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While surfing, I came to know that somebody has done Tower of Hanoi using vim. WOW!!!

Can you people share what all cool things you have been doing in vim.


Aman Jain

Edit: Not sure about the Tower of Hanoi solution using vim being all that useful. But I think this question should be re-opened to allow people to comment on any useful things that they've done using vim. For me? See my answer below. (-:

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How do you determine which macro languages are programming related and which macro languages are "not programming related"? Is Excel's VBA a programming language? Is Emacs' Lisp a programming language? But a macro language that can solve Tower of Hanoi is a non-programming language? –  Windows programmer Oct 28 '08 at 6:04
You are absolutely right. A vim hack is a programming feat using vim macro language or another scipting language used by vim like Python, Ruby or Perl. So why is this question '"not programming related" ? –  Oli Oct 28 '08 at 11:15
Heavy handed use of closing powers in my opinion, vim macros are programming related. –  MarkB Oct 28 '08 at 12:54
This shouldn't have been closed for not being programming related. Maybe it is not a real question either, but that's different. –  Sergio Acosta Oct 28 '08 at 19:42
This should not have been closed. It relate directly to productivity and hence your ability to get things done. I have vastly improved my abilities to do some cool programming by using several of the really cool features of vim. Features such as syntax highlighting make life so much easier! –  Rob Wells Oct 28 '08 at 23:46

6 Answers 6

vim has a set of commands that integrate with development tools such as make, gcc, and ctags. You can build your project, navigate to warnings and errors, and jump to function/variable definitions without leaving the editor:

  • :make builds the project.
  • :cl lists warnings and errors.
  • :cc takes you to the to line in the source code that generated the current error.
  • :cn navigates to the next error.
  • :cp navigates to the previous error.
  • :tag name navigates to the definition of the token name. (See man ctags to generate an index of tokens; sometimes make tags will do this automatically.)
  • Pressing Ctrl+] navigates to the definition of the token under the cursor.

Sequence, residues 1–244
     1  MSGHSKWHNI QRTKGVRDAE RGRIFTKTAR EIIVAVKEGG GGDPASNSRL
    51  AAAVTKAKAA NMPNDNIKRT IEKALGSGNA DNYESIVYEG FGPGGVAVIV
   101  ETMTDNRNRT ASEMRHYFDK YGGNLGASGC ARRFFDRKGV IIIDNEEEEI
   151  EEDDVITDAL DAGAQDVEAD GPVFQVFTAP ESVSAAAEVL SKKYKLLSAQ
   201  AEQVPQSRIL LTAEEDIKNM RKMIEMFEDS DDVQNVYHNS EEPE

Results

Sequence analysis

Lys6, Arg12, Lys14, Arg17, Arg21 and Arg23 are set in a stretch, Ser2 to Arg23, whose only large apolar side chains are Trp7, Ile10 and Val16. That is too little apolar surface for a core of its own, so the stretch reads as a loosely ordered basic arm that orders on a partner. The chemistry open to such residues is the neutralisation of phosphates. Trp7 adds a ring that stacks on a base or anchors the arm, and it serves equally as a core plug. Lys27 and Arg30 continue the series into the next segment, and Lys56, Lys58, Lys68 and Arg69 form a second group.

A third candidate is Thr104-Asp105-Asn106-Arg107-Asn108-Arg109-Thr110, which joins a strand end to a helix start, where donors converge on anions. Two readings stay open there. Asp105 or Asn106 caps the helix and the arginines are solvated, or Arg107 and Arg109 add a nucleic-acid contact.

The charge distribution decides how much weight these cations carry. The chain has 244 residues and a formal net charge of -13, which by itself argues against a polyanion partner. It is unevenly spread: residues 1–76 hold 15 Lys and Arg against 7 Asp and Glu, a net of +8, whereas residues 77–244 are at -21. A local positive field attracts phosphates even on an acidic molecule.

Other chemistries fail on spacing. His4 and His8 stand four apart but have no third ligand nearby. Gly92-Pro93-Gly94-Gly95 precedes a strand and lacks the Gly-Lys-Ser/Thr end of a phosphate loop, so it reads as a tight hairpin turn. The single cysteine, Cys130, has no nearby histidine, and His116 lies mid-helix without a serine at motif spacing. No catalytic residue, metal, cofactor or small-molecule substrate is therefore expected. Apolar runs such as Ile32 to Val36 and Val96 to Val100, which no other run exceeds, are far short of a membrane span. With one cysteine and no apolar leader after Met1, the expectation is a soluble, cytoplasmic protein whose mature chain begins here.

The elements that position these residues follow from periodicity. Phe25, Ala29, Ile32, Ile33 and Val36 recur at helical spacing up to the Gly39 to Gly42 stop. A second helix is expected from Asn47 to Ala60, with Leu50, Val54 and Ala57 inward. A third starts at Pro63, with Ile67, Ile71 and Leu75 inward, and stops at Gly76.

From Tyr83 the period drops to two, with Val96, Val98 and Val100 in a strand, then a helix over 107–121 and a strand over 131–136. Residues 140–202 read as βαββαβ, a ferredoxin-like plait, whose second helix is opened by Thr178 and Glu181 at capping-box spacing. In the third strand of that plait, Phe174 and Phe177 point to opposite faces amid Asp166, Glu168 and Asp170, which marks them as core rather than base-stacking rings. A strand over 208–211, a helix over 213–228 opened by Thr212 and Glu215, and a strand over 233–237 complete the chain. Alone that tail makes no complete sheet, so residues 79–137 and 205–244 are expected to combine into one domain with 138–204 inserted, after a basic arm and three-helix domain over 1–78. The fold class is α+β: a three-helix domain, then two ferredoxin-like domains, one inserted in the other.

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I'm using vim to syntax-color code in my blog and lecture notes. A single Perl line

system  "$vimrt\\gvim.exe", qq{ 
  -c "edit /tmp/tmpcode.$ext " 
  -c "source $vimrt/syntax/2html.vim" 
  -c "write! /tmp/tmpcode.html" 
  -c "qa!"};

converts the code into nicely-colored HTML. I know there are stand-alone tools for doing this, but vim is already installed on my system, so this is one less tool to install.

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I found myself struggling to be more efficient in vim compared to other non-modal text editors until I learned about "text-objects". Understanding this concept really improved my productivity and also gave me a new way of looking at text which in turn made it easier to deeply understand other vim concepts that I had only understood ephemerally before.

:help text-objects

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I was working on a system that had massive log files. We're talking 30,000 10MB logs.

Per day!

Distinguishing between log messages that were coming from the middleware (same company but custom rolled) and our application was getting tedious.

That is until I wrote some custom vim syntax parsing so that anything vim displayed in green was from the middleware (done by the guys in Sophia Antipolis near Cannes) as opposed to anything vim displayed in blue that was from our application software that sat over the top of the SA code.

I also added highlighting to really make exceptions stand out with white lettering on a read background!

Made life so much easier! And it wasn't that hard to do!

Thanks vim!



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I couple of months ago I wrote a vim script to save a complete history of all my edits, so I could inspect and measure my programming performance.

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I'm using vim a lot recently to edit XML files. I got the xmledit plugin for vim working. Now vim creates closing tags for me, I can enclose highlighted text in an XML tag, and jump to balancing XML tags. It saves a lot of repetitive typing, reduces mistakes, and increases my productivity.

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